March 27, 2013

Hard line on seat belt enforcement: Life-saving effort, or quota system?

BY NAOMI SCHALIT AND JOHN CHRISTIE, Maine Center for Public Interest Reporting

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Col. Robert Williams

Contributed photo

Zachary Heiden, staff attorney for the American Civil Liberties Union of Maine, said he had "never seen this clear evidence before" that some Maine police were using a quota system.

"It's a real problem," Heiden said. "The bottom-line concern is the danger that the police are going to make unconstitutional stops," violating the Fourth Amendment's guarantee against "unreasonable search and seizure."

"Say an officer only sees evidence of three violations, but is being required to make seven stops," said Heiden. "Seven stops required minus three legitimate stops equals four violations of constitutional rights. "

Bangor attorney Richard Hartley, president of the Maine Association of Criminal Defense Lawyers, said the requirement is troubling. "The problem is that we rely on individual law enforcement officers to make difficult decisions on a day-to-day basis," he said. "(If) they have their individual discretion overborne by a policy that relates their production of tickets to their job performance, it's a dangerous slope."

However, Trooper Aaron Turcotte says the directive doesn't bother him.

"We want this deadly trend to stop," said Turcotte, who's a member of the Maine State Trooper Association's executive committee. "We never heard the colonel come out and say, 'You need to do seven a month'; it was an expectation at the troop level.

"The colonel was right on when he says this needs to be an emphasis point," said Turcotte, who added that the association's board fully supports the move.

Williams's boss, Public Safety Commissioner John Morris, likewise supports the move.

"How many of those young people's deaths do you read the word 'ejected' from the car?" Morris said. "That's what's killing them."

 

1995 seat belt vote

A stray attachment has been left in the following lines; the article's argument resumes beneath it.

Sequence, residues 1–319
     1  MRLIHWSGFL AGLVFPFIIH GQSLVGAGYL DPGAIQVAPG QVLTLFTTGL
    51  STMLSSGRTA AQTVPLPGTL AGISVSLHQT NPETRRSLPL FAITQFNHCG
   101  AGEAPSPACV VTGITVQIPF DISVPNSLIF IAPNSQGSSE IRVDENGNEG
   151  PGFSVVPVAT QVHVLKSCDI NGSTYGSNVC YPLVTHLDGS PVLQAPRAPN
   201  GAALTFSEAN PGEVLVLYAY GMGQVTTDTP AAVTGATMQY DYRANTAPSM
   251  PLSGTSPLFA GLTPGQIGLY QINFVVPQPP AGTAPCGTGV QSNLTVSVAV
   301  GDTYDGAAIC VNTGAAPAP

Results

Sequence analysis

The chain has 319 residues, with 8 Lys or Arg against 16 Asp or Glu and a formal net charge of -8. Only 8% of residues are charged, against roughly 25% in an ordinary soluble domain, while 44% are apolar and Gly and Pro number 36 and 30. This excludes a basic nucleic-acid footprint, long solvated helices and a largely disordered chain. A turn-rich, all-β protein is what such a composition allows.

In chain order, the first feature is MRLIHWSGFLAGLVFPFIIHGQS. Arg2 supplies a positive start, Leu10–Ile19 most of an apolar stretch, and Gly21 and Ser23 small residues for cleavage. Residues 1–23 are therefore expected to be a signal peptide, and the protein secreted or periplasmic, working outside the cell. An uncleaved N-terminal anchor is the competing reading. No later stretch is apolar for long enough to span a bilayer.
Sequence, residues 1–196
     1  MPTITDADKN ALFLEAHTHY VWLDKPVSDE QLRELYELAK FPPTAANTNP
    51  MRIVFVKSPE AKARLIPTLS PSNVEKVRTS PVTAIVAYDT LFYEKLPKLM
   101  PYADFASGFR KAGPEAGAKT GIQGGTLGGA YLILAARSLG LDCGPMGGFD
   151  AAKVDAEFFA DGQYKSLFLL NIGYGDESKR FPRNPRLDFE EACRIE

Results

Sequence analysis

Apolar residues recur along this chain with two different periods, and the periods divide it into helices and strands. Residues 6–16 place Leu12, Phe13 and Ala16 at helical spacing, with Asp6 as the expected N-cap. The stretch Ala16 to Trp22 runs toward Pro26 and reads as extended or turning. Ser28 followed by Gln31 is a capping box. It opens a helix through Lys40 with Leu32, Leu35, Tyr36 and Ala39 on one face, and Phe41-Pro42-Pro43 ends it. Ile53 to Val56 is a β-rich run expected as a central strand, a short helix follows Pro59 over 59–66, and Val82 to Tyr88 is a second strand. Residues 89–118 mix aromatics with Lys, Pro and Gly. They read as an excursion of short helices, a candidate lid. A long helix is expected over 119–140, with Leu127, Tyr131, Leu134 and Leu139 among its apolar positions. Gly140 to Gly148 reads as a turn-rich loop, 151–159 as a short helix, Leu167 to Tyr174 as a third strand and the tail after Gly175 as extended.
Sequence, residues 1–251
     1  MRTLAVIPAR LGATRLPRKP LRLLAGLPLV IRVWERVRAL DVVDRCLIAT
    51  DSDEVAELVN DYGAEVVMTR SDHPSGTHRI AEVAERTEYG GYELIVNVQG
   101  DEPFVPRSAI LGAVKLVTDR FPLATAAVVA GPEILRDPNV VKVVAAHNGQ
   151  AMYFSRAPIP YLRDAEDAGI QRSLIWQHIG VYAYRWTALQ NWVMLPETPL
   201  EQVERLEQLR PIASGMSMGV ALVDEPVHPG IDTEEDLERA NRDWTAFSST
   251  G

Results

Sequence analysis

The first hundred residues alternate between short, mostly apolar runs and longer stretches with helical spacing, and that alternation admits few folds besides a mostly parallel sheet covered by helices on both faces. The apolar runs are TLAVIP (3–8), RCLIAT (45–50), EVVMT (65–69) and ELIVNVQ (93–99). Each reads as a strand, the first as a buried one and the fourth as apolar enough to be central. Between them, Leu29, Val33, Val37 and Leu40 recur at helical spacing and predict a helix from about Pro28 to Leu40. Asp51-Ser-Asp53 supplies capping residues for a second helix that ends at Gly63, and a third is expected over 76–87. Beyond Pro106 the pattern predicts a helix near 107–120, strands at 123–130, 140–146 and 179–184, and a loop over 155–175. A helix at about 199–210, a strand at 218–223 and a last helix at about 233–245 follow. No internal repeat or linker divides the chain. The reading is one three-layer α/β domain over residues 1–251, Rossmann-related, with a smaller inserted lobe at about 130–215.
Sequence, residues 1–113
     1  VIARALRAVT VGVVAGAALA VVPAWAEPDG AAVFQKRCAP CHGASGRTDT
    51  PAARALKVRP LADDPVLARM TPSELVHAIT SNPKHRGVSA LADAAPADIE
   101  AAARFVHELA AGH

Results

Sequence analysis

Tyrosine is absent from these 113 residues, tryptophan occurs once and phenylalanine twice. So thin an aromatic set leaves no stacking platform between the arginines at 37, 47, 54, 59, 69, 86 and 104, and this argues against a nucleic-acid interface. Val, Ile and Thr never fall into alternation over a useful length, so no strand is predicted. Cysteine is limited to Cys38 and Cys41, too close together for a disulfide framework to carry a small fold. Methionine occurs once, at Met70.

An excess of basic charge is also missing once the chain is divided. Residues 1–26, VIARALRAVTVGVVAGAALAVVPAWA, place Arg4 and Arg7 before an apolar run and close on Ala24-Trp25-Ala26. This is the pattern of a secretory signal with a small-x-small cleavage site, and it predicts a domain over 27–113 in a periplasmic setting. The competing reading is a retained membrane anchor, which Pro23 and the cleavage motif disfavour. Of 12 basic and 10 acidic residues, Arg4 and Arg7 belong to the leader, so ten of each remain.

In 1995, Maine had no mandatory seat belt law, and the state's rate of seat belt use was 50 percent, according to a study published by the University of Southern Maine. That placed Maine "fifth from the bottom of a list of all 50 states," according to the study.

In November that year, state voters approved, by less than one percentage point, "Question 8," which asked "Do You Favor Requiring All Persons to Use Safety Belts in Motor Vehicles?" Enforcement of the law was limited. Police could ticket drivers or passengers for seat belt violations only if they had pulled them over for another, citable offense.

Seat belt use grew to 72.3 per cent in 2004; but to safety advocates, it wasn't growing fast enough. By 2007, Republican Sen. Christine Savage of Union proposed giving police the power to ticket drivers or passengers as a primary offense. If police saw you weren't wearing a seat belt, they could stop you.

The bill passed, and in the months after the law's implementation, Maine's daytime seat belt use rose from 77 percent to 84 percent; nighttime use rose from 69 percent to 81 percent, according to the National Highway Safety Administration. By 2012, daytime seat belt use was at a record 84.4 percent -- but still less than the national seat belt rate of 86 percent.

The rising compliance rates in Maine, while gratifying, masked a stubbornly vexing statistic: The biggest age group of unbelted victims in fatal accidents was young people ages 16 to 24.

"This is a generation of people who have never been in a car, growing up, when they haven't been in a child safety seat, a booster seat or a seat belt," Williams said. "But all of a sudden, when they start driving on their own, at least some of them aren't wearing their seat belts."

Williams wants his enforcement initiative to drive down the number of deaths among young people.

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